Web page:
Of course, as a substitute for corresponding with each shareholder, activists typically limit their direct engagement to the key underlying institutional shareholders and then rely on print and social media for indirect engagement with the balance of the register, including retail shareholders (as well as to exert pressure on the board).

ii Calling shareholders' meetings

It is relatively straightforward for shareholder activists to call or requisition a meeting of shareholders under the Corporations Act to formally consider and vote on activist proposals. The Corporations Act also includes a process for shareholders to requisition additional resolutions for consideration at an upcoming scheduled shareholders' meeting.

Shareholders holding 5 per cent of the votes in a company can requisition a shareholders' meeting under Section 249D of the Corporations Act. Where a meeting is duly requisitioned according to this process, the company's directors are required to convene the meeting within two months of the requisition and the company must meet the relevant costs of holding it. A shareholder request for these purposes must be in writing, state any resolution to be proposed at the meeting, be signed by the members making the request and be properly given to the company. Failure to follow these procedural requirements can invalidate the requisition and companies can, and commonly do, refuse to convene meetings where they are not complied with. The directors may also refuse to convene the requisitioned meeting where the subject of the meeting is a matter that is not validly within the power of shareholders.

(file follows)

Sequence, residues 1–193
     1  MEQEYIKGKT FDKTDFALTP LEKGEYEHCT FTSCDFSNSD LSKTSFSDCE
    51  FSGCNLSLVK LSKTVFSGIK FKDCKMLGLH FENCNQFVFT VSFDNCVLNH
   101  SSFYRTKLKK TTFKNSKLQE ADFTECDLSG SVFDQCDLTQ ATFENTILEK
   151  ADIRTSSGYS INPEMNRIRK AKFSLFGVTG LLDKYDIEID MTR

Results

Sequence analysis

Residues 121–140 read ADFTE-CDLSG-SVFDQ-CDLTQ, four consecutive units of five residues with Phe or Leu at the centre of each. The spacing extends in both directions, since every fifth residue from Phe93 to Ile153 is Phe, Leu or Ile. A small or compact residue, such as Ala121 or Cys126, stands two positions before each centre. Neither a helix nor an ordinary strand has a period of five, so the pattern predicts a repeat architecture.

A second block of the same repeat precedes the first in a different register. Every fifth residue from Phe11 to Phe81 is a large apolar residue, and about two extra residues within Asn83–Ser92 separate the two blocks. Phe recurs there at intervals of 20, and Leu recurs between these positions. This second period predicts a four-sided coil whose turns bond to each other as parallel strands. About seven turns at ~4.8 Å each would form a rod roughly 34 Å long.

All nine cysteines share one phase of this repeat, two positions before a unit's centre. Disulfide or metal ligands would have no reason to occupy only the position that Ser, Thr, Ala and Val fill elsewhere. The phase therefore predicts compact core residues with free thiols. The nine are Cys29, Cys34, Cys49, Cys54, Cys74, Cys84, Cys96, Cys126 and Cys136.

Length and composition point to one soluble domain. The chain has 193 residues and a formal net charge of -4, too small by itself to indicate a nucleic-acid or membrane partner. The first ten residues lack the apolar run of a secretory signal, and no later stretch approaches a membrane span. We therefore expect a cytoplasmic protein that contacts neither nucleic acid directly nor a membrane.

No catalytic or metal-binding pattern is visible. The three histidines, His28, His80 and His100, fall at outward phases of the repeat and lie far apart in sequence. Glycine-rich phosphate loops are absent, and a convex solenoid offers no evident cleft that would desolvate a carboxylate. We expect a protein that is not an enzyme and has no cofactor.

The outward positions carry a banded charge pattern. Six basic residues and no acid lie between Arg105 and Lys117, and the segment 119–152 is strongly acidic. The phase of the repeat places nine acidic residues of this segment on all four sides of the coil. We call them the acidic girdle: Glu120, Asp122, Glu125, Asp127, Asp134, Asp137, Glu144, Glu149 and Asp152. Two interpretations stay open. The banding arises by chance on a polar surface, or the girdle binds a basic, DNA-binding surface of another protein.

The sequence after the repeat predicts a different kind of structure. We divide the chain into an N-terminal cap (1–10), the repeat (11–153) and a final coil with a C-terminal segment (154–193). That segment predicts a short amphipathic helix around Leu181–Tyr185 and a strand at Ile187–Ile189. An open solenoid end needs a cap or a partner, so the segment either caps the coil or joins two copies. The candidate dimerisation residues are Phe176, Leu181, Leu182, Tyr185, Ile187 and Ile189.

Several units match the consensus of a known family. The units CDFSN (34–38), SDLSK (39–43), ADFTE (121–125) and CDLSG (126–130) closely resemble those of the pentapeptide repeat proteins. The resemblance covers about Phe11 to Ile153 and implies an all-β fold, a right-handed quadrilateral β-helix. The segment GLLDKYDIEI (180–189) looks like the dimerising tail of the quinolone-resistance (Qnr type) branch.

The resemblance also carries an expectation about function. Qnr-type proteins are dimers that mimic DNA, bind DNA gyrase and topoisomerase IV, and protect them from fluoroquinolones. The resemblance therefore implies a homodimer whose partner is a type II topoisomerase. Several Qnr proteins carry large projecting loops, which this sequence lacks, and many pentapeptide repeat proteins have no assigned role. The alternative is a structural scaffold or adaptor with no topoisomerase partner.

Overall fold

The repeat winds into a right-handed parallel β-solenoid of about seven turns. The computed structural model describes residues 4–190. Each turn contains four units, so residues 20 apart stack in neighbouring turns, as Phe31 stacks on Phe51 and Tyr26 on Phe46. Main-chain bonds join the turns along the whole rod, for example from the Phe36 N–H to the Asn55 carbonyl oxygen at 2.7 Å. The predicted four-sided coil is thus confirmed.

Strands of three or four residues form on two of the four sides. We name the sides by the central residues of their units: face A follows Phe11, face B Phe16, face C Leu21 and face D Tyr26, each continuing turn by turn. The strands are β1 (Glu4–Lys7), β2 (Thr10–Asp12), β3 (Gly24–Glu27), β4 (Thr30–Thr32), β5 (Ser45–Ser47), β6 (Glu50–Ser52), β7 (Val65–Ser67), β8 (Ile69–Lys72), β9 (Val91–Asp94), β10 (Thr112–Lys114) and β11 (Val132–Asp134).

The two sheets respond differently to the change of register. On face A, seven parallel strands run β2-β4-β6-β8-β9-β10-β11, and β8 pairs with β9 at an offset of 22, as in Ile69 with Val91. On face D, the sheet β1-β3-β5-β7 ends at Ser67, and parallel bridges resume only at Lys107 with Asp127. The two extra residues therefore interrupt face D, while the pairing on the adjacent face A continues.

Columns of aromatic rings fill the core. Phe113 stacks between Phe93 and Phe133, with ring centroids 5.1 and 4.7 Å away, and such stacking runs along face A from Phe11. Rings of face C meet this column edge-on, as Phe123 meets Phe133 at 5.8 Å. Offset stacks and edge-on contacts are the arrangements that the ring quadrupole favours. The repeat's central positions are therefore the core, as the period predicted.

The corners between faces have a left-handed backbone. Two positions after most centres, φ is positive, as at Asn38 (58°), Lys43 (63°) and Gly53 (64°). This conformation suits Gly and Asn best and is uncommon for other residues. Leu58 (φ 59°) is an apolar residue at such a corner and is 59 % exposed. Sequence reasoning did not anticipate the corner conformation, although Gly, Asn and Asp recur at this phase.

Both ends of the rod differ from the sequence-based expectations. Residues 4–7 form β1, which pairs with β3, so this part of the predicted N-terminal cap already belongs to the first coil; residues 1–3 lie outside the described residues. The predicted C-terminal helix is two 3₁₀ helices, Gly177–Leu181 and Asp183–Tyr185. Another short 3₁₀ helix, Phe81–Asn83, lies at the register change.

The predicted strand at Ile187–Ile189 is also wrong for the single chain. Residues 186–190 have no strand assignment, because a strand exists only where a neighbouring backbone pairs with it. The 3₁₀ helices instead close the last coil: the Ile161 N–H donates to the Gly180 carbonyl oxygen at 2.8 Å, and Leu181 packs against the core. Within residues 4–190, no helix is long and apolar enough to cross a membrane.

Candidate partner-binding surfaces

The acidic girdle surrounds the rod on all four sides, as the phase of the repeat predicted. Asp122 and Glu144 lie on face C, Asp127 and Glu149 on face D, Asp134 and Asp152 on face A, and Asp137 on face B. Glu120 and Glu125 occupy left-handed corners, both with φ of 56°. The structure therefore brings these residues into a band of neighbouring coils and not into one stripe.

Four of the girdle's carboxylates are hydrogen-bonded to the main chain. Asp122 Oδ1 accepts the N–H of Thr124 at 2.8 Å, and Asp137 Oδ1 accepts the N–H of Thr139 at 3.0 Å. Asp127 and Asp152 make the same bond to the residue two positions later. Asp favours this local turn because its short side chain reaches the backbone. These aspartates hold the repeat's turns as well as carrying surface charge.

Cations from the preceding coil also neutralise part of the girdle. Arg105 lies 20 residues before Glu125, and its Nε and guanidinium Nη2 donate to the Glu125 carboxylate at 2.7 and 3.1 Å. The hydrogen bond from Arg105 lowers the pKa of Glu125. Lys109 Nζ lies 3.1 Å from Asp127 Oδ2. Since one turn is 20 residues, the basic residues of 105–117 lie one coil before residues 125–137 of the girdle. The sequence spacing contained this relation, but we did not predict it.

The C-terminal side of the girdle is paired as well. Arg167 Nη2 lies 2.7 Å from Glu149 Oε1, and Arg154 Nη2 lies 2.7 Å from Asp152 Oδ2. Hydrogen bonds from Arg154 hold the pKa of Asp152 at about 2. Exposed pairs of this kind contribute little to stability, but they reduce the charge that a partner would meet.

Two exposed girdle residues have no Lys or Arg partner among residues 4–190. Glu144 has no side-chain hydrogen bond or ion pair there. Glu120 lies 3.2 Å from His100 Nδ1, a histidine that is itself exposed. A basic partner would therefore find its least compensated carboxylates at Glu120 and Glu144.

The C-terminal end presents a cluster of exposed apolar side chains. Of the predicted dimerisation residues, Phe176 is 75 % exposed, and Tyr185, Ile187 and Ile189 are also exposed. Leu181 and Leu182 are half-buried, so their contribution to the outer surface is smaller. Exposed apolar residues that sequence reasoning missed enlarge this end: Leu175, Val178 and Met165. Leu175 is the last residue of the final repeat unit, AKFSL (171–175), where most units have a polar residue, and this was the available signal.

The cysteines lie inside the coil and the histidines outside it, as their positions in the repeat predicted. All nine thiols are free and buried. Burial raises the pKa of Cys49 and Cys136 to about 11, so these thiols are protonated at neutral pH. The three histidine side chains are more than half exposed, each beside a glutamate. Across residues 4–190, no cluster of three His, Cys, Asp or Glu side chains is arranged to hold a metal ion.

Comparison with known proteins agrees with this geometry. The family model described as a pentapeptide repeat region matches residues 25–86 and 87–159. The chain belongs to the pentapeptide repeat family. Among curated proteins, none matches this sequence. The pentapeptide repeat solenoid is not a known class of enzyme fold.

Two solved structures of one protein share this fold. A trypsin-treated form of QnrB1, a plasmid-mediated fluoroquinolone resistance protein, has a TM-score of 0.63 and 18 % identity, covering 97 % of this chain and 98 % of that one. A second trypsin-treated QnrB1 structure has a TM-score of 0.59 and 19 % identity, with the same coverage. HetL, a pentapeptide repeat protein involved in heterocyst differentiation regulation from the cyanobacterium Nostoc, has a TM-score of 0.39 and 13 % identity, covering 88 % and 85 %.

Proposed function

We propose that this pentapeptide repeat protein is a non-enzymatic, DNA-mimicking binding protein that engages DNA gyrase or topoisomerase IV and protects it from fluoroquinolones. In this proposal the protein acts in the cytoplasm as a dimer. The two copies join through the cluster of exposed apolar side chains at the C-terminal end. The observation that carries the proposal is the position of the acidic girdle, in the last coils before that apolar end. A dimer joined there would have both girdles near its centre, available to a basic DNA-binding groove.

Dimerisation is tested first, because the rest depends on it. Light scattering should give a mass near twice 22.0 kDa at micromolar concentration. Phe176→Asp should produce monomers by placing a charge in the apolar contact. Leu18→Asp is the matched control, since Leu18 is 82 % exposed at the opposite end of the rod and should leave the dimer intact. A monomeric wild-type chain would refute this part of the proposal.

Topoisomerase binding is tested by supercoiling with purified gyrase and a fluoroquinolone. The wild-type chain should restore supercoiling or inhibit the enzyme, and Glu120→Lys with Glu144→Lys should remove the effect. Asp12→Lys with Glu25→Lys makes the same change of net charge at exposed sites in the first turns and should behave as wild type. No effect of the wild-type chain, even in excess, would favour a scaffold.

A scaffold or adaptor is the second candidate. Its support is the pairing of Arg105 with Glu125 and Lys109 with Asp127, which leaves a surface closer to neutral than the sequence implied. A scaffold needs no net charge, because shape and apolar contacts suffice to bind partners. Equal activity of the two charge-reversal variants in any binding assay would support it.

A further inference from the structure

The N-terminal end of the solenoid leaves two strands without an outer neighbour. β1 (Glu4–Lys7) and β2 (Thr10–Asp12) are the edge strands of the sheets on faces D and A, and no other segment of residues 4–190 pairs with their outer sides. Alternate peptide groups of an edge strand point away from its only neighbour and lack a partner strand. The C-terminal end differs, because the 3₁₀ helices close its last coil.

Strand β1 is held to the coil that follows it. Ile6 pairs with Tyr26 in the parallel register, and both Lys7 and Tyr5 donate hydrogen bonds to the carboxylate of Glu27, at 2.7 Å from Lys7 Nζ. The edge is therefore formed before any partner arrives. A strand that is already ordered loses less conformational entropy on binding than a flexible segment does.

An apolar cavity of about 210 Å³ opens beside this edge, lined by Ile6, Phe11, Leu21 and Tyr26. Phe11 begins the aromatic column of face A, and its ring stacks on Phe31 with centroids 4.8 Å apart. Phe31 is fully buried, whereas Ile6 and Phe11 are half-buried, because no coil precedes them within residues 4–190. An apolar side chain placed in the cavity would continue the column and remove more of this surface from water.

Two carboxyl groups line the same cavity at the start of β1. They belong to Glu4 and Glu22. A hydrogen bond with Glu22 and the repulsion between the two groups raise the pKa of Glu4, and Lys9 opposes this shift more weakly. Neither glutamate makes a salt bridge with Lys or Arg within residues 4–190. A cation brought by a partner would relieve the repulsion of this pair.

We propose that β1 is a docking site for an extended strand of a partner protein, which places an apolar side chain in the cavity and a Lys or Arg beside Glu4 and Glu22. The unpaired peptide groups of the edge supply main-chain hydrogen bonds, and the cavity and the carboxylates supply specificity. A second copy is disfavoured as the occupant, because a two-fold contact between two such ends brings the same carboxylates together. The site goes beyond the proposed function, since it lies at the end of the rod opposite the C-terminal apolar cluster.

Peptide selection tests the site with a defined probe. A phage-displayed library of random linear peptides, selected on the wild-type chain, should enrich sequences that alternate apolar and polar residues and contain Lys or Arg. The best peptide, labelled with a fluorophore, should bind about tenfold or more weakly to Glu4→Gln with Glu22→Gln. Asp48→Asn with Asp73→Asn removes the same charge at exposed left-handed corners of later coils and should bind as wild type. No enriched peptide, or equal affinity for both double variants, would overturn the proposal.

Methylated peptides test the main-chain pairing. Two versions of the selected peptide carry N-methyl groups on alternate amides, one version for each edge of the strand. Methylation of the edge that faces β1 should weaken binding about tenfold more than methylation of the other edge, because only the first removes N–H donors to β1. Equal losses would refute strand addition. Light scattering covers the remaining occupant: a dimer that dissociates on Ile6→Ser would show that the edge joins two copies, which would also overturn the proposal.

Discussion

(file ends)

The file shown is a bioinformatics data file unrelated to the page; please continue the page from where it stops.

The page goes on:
Where a meeting is requisitioned using the process in Section 249D, decisions regarding the content of the notice of meeting will be determined by the board of the company (as in the normal course). However, shareholders holding 5 per cent of the votes or at least 100 shareholders are entitled to request that a statement be included with the notice of meeting setting out their views (Section 249P), and there are limited grounds on which companies may refuse to comply with this requirement. Companies may refuse the request where the statement is more than 1,000 words long or defamatory. Although the shareholders would be requisitioning the meeting, almost without exception the company's chair would have the right to chair the meeting under the company's constitution. Accordingly, companies are able to control the conduct of proceedings of the meeting, including any debate on an item of business, subject to the usual rules regarding the conduct of meetings and duties of the chair.